Volunteer Blog

Sharks

This is an email from Lida Pet-Soede of WWF Indonesia. Please read it & if you agree sign the petition to help conserve the dwindling shark population of Indonesia. I don’t know about you but when I started to dive in Indonesian waters +20 years ago there were a lot more sharks so we need to do something about it now.

Dear colleagues

Together with the Ministry of Fisheries and Marine Affairs – championed by Pak Toni Ruchimat, director KKJI, WWF Indonesia under the lead of its Marine Director Wawan Ridwan, launched a shark campaign last week.

The campaign objective is two-fold:

To stop selling of shark products in supermarket chains, restaurants and hotels. Through delivering 10,000 petitions from public on demand for sustainable seafood and on request for no selling of sharks and through promoting the WWF seafood guide to consumers.

To stop promotion of shark consumption in national TV stations. Through delivering 10,000 petition from public on demand for sustainable seafood and on request for no promotion of shark culinary on TV shows

Aside from collaboration with the Ministry many Indonesian celebrities and personalities support this campaign.

The report, An Overview of Shark Utilization in the Coral Triangle Region, examines the catch, trade, and management of sharks in waters of the six Coral Triangle countries, plus the neighbouring countries of Vietnam and Fiji and remains available viahttp://wwf.panda.org/what_we_do/where_we_work/coraltriangle/publications/?206126/AN-OVERVIEW-OF-SHARK-UTILISATION-IN-THE-CORAL-TRIANGLE-REGION .

Campaign Background

As number one shark fishing country according to FAO, Indonesia contributes 15% of global sharks catch. In 2007, based on export statistics from MMAF, there are 800 tons of exported dried shark fins products worth USD 7,302,529. But this revenue falls short of providing a better livelihood for fisher groups. Shark fishermen remain mostly poor. And the shark fin production seems to decrease under a lack of shark fisheries management. In 2012 there were only 434 tons of dried shark fins products exported. Many scientists concluded that the decrease is caused by overfishing of sharks.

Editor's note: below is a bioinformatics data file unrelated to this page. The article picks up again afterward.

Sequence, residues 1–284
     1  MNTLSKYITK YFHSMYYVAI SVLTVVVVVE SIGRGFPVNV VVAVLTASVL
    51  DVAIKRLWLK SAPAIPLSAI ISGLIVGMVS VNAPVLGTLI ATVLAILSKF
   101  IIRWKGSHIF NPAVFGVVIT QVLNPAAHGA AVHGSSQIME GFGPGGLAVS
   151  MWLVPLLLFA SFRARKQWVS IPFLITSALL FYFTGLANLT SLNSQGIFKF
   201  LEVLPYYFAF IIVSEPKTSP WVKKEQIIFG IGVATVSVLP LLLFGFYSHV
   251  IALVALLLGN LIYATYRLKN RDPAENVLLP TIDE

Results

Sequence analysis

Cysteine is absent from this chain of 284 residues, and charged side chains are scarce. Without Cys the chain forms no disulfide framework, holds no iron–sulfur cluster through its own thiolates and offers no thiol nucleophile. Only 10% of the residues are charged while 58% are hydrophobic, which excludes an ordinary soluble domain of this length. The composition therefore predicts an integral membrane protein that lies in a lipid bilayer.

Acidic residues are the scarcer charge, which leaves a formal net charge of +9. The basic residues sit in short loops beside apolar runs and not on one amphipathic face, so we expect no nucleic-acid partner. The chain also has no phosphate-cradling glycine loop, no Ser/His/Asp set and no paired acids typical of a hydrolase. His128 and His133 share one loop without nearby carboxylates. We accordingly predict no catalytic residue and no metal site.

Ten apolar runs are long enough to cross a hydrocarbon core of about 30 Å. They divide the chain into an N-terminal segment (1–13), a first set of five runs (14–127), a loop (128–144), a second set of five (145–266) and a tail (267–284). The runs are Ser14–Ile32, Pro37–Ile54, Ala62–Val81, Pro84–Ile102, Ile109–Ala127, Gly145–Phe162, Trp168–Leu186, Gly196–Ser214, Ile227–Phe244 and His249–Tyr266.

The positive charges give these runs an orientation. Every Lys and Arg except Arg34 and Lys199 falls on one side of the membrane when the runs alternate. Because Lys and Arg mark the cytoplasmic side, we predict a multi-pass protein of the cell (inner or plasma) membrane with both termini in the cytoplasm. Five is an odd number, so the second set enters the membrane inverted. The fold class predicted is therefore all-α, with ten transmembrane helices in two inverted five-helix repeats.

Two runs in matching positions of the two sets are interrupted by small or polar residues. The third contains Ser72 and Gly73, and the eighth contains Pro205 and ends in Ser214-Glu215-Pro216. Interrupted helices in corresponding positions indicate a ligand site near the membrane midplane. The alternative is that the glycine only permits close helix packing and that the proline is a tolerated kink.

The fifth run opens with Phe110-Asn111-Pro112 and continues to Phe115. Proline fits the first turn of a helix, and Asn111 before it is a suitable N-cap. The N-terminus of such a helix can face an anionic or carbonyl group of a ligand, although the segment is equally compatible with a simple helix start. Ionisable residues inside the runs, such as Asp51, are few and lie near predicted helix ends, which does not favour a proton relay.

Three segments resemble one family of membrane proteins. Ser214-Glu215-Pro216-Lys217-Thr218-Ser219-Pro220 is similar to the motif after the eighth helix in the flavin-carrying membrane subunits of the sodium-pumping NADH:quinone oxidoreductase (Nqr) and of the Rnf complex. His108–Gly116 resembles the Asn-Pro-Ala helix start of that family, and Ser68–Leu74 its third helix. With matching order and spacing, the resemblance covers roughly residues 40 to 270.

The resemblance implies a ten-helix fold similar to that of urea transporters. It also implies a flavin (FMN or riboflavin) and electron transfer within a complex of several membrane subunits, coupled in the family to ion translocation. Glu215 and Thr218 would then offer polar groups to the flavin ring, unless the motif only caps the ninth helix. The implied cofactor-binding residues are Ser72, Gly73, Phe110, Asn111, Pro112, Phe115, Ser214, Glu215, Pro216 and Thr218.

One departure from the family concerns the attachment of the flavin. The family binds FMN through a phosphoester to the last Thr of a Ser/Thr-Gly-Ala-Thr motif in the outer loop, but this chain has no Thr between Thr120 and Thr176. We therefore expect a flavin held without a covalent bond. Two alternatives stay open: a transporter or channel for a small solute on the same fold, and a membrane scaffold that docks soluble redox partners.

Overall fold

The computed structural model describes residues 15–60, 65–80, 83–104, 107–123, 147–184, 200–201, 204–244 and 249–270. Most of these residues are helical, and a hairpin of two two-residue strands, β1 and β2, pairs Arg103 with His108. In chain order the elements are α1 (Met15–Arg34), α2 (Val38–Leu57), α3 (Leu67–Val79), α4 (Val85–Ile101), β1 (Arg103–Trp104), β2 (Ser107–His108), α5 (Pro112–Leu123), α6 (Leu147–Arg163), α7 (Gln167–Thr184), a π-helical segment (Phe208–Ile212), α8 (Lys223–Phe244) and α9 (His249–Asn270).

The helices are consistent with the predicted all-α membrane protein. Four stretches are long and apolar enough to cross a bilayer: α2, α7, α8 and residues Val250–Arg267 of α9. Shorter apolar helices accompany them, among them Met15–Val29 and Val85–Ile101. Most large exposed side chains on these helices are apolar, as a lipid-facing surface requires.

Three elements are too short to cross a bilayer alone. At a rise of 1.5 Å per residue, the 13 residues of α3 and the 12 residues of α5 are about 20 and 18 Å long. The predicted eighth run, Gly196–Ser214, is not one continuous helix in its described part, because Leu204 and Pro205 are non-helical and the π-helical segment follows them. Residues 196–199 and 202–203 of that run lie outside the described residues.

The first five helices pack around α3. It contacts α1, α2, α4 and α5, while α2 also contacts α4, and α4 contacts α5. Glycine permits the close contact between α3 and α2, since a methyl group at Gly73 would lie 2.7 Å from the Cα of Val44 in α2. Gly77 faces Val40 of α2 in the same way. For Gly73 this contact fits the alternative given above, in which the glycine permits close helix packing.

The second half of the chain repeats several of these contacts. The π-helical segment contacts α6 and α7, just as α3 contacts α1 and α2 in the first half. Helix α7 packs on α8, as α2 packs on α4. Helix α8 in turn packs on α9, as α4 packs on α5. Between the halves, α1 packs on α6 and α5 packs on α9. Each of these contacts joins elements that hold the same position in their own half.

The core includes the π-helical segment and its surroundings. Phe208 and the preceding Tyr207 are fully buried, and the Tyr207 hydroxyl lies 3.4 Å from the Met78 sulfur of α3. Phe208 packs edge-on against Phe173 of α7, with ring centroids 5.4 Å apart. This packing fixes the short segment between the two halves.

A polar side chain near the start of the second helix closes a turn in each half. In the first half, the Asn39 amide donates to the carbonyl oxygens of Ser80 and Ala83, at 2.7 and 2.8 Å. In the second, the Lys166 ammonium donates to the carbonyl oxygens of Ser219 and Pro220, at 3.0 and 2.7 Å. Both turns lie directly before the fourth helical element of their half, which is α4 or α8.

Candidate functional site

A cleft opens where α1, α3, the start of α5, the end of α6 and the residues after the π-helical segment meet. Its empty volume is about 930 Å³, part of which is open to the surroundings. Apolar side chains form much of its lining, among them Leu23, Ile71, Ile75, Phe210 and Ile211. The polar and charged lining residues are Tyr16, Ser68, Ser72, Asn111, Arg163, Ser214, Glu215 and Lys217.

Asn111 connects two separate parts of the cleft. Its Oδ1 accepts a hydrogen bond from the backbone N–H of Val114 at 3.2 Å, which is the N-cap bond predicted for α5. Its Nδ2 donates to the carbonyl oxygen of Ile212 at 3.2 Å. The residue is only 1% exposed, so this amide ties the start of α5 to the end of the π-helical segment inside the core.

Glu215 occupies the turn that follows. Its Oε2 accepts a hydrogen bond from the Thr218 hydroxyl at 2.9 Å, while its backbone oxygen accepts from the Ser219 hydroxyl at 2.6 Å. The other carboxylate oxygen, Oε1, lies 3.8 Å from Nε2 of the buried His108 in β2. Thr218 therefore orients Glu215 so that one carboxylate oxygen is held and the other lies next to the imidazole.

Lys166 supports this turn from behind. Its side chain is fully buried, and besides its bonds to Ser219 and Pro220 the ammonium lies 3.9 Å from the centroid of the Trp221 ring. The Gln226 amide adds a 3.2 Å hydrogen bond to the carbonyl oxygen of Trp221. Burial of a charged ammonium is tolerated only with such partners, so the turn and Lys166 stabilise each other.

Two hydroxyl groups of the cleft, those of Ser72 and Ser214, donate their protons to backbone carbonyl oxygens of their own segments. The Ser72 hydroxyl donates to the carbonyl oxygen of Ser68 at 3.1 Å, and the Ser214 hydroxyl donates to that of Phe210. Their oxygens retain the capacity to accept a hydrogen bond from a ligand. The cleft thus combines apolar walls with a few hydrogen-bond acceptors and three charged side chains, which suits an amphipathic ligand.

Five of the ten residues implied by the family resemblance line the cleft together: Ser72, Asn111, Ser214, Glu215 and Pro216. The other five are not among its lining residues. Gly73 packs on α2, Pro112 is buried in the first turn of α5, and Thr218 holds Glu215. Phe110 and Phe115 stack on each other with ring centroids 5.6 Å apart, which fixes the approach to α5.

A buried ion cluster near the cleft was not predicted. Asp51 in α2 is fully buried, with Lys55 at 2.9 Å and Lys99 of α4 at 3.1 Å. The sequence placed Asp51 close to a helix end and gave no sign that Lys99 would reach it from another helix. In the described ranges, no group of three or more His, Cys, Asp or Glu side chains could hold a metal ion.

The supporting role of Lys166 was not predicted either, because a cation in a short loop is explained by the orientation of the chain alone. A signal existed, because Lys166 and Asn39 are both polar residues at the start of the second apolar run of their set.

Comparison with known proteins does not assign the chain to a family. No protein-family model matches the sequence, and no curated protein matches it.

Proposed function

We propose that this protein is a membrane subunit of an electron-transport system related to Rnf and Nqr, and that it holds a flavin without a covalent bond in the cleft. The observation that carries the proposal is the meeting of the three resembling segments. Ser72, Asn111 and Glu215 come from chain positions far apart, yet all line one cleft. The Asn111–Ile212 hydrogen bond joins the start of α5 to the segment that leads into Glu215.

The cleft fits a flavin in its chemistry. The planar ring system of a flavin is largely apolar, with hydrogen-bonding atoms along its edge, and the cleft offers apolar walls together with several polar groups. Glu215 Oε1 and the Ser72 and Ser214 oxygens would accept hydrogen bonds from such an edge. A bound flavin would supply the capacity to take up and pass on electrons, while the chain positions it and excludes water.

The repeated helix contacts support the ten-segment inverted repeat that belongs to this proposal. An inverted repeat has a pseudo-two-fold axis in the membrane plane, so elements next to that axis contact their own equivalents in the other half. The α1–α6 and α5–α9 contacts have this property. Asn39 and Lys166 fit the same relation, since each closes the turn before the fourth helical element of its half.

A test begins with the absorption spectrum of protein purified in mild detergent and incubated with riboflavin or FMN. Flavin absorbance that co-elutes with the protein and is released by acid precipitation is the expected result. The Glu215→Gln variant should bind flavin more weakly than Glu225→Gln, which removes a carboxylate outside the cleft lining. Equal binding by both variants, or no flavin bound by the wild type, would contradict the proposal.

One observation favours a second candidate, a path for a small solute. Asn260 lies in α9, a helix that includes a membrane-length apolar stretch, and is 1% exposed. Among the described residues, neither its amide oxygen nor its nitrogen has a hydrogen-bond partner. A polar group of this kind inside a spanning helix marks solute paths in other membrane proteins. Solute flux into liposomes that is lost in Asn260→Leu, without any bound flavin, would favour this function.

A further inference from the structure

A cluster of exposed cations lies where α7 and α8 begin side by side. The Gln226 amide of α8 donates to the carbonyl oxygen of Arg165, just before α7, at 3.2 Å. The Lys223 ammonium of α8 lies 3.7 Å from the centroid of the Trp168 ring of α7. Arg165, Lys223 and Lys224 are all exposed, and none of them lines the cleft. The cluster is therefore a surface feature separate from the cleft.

In many areas, the economic value of shark meat and products is less than could be earned from shark related ecotourism enterprise. In 2011, the Australian Institute of Marine Science conducted a study on Shark diving in Palau. The result is shocking: the shark diving in Palau was responsible for the generation of the annual tax revenue of US$1.5 million to the government and US$1.2 million per year in salaries to the local community. In a nut shell, it becomes increasingly clear that the short term economic benefit of shark fishing do not weigh up to long term benefits of a healthy balanced population that includes such apex predators.

This campaign is part of WWF Indonesia’s Sustainable Seafood Campaign, with specific target to reduce consumption of shark species.  As the largest archipelago country in the world, Indonesia should to take part in global movement of sharks conservation efforts. This campaign is held in Jakarta. It will make Jakarta a pioneer among big cities in Indonesia to support shark conservation through consumers’ perspective.

Jakarta will join other big cities such as:

  • California, Washington, Oregon, Illinois where possession, sale and trade of shark fins was prohibited.Ontario, Toronto also ban the possession, sale or consumption of shark fin products.
  • Mexico where shark finning is prohibited and also banned shark fishing several months each year.
  • Beijing (Chinese Government) which prohibit to serve shark fin soup in state banquet.
  • And Taiwan where shark finning in domestic fleets is prohibited.

Please sign the petition, we need more signatures so it would be great if you could motivate your colleagues and friends to do the same.

www.wwf.or.id/sosharks

Many thanks! Lida Pet-Soede

WWF Coral Triangle Program leader. WWF Indonesia

<meta name="p:domain_verify" content="912f20203567f2e2add33aa3a8879fcf"/>